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I've been thinking about creating a post that features a list of hard-learned 'Garden Rules' that are absolutes in how I approach working in the garden and yard.  That list ebbs-and-flows each season, but one of the items that I KNOW (with certainty) will be on the list is this:  Leave newly planted trees alone.  Don't prune them for years.  Just don't touch them.  Don't 'limb-them-up'.  Don't do anything.   I've learned this the hard way.  Thinking that I'd give the tree a better shot at growing up/out faster, I've pruned trees when they were small.  Eliminating far too much canopy in one go. That means, for the past five-or-so years, I've followed my own advice and left young trees alone.  That includes the small Bald Cypress that I planted IB2DWs back in Fall 2018 .   But, a time comes when a young tree needs to get cleaned up.  And, this weekend was *that time* for our driveway Bald Cypress.   Below is a 'before' photo sho

Adding Ornamental Grasses To Compost Bins - February 2024

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We had "false Spring" last week when the temperatures rose to the upper 40's and low 50's, so that (naturally) lead me to getting out in the garden to do a little bit of work.   I went with the whole "leave the leaves" thing last Fall.  Well...sort-of.  I cleaned up A LOT of leaves.  But, wasn't super picky about things and left some leaves whole.  And, blew some other leaves on the lawn, chopped them up with my mulching mower, and blew those chopped-up bits back onto the beds.   I also left ALL the standing material up all Winter.  That 'standing material' includes flower stalks and ornamental grasses.  Thanks to "Fall Dividing", we have ornamental grasses all over the place.  I've read a bunch of the posts/stories about the risks of doing a Spring Cleanup in the garden too soon; leading to some problems with nesting insects.  So, I opted - for now - to mostly leave the leaf litter in place.  But, I figured I should go at those gra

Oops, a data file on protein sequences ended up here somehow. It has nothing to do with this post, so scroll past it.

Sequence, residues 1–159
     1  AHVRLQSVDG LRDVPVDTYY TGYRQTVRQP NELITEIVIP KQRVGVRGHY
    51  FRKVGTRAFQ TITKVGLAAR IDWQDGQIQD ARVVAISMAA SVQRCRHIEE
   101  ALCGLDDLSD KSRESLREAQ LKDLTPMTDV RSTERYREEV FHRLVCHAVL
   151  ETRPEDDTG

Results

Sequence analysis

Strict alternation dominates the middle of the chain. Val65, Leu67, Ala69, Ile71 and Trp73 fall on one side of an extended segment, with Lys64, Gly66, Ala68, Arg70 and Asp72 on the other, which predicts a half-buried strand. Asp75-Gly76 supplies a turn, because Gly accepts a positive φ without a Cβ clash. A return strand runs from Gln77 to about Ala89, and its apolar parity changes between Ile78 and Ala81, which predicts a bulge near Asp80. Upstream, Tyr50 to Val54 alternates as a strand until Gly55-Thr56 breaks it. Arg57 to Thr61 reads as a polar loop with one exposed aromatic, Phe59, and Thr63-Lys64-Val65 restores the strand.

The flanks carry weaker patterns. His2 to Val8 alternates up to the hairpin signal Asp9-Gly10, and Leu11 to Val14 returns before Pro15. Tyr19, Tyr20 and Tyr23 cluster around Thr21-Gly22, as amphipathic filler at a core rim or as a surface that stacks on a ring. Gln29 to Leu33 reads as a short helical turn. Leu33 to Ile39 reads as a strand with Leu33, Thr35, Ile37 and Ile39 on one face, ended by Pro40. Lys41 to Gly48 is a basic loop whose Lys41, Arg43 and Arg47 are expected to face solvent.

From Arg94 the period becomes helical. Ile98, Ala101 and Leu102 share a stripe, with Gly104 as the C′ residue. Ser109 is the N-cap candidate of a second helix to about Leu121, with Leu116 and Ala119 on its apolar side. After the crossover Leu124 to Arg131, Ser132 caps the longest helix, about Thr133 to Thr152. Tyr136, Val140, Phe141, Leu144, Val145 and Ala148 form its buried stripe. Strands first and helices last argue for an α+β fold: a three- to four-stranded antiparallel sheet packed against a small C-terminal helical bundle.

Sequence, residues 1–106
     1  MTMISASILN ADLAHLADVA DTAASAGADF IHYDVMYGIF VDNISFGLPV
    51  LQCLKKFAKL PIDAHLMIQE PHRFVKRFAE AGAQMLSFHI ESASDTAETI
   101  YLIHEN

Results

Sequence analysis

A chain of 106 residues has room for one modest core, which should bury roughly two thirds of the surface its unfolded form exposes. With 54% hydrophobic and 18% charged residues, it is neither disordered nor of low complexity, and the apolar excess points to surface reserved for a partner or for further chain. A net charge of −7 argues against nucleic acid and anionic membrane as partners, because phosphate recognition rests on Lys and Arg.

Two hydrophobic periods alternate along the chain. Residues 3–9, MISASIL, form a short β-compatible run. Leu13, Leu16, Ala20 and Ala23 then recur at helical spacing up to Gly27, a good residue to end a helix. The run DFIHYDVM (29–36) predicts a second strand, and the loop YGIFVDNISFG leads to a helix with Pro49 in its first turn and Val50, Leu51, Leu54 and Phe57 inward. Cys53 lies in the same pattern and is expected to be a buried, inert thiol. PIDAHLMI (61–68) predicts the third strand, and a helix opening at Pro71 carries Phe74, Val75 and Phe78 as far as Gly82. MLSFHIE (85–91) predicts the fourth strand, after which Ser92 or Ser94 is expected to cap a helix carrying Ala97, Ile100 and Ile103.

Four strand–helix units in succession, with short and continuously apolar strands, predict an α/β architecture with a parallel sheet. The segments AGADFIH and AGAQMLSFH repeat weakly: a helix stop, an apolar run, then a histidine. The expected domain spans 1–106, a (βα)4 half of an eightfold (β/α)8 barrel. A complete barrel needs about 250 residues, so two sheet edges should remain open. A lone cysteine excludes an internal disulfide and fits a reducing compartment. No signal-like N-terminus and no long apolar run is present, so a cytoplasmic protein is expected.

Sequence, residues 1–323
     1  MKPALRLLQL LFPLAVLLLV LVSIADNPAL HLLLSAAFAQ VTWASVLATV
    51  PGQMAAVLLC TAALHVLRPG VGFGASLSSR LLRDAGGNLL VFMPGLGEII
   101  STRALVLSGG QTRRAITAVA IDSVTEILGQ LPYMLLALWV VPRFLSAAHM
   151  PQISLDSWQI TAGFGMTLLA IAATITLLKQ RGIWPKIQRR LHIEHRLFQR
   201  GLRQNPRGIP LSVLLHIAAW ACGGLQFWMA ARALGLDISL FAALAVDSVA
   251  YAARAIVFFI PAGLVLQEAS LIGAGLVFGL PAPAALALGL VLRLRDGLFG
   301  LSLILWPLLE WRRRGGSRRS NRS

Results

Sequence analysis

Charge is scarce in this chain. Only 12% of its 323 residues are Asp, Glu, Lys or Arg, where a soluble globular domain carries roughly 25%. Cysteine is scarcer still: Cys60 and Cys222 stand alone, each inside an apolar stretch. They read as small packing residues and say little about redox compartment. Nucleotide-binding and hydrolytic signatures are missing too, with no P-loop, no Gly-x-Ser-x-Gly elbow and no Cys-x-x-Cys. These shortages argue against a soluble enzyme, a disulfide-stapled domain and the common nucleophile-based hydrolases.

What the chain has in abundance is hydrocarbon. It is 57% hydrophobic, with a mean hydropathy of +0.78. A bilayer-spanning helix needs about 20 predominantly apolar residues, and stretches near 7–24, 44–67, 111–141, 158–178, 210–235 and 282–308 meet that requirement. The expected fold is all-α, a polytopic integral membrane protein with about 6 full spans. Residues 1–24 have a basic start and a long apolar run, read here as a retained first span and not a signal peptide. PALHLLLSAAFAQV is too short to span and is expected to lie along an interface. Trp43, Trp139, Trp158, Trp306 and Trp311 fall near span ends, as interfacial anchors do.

Wider View of Epimedium Colony and Shredded Umbrella Plant - February 2024

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Yesterday, I posted an update about the trio of Spine Tingler Epimedium that are planted near the large Catalpa tree in our backyard .  Those three are planted amongst some of the other Epimedium (Amber Queen) that we have had planted for a number of years. At one time, I had five (5) Amber Queen Barrenwort/Epimedium - Here's a look in May 2021, when I planted two new ones to bring the total to five .   By the time I planted the Spine Tinglers last May (2023), there were just four Amber Queens left.   And that's what we're looking at today:  Four Amber Queen Epimedium and Three Spine Tingler Epimedium.   Below is a wider view of this colony showing all eight plants: I've amended some parts of the front and back beds with biosolids last Fall.  Looking at this section, I'm thinking that these could use a slow-release feeding via some biosolid topdressing and/or mulch. I didn't manage to post about these, but I also added a pair of Shredded Umbrella Plants in among

Spine Tingler Epimedium Late Winter - February 2024

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This past May (2023), I planted three Spine Tingler Epimedium that I brought home from the Morton Arboretum Arbor Day Plant Sale and stuck them in amongst the other epimedium that have survived - Amber Queen.  These are planted under a large Catalpa tree in the backyard, along the north side bed.   Below is a photo showing the current state of these three (along with one Amber Queen on the far right of the image): My experience with epimedium is that they are VERY slow to get established.  They aren't in a state of growing, but also not so much a state of dying.  More like...just a state of 'being.   I've looked back at the photos of when these went in and I'm not sure they've actually grown.  But, I'm also not sure they've shrunk at all.  I'd love NOTHING MORE than to see these spiny-filled barrenwort/epimedium to naturalize this whole area to make a large colony of groundcover.  

Rhododendrons With Winter Buds - Backyard Shade Garden - February 2024

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The neglected rhododendrons (they're only neglected because they have - imho - failed to live up to their promise) are back with buds that were set in Fall and (hopefully) have made it through the thick of winter temperatures.   The pair of Rhododendons were planted on either side of our back stoop and sort of just were blah.  They started to get thin and decline.  Could be because of chipmunks eating away at their roots.  Or, could be they were were in the wrong spot.  I ended up digging them up and replacing them with a pair of handsome dwarf Spring Grove Ginkgos and I've been VERY happy about that move.   Without much thought, I stuck them in around the small (immature) Dawn Redwood tree in the backyard.  That area is a sort-of no-man's land with nothing there on purpose, rather just the result of having 'available space' and plants that 'need a home'.   They get a mix of shade and sun back there and since I water (with a sprinkler) that bed on-the-regul